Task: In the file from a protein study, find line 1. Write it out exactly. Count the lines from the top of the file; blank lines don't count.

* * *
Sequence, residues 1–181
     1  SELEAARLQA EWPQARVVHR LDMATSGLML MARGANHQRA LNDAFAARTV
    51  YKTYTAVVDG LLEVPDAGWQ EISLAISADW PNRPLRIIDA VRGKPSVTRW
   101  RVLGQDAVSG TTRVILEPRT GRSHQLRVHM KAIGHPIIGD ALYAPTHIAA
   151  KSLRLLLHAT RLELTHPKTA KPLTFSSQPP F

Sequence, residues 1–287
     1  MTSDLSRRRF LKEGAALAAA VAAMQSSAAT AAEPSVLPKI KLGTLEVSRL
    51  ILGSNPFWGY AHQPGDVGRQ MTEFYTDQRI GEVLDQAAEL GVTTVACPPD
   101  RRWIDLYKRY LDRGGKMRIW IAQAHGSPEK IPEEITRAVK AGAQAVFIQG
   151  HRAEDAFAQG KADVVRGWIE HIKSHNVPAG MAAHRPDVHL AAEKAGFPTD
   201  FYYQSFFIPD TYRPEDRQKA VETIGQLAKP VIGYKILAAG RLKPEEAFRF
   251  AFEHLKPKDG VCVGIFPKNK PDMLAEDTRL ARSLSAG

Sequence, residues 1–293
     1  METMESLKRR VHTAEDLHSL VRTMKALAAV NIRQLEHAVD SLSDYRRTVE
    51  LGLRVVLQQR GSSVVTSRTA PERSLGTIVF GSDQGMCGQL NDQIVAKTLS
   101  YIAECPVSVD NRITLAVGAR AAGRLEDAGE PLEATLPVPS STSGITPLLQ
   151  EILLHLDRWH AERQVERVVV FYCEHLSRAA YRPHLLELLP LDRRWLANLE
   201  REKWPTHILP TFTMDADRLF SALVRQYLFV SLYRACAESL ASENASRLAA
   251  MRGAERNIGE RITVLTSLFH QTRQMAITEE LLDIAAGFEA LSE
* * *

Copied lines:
Sequence, residues 1–181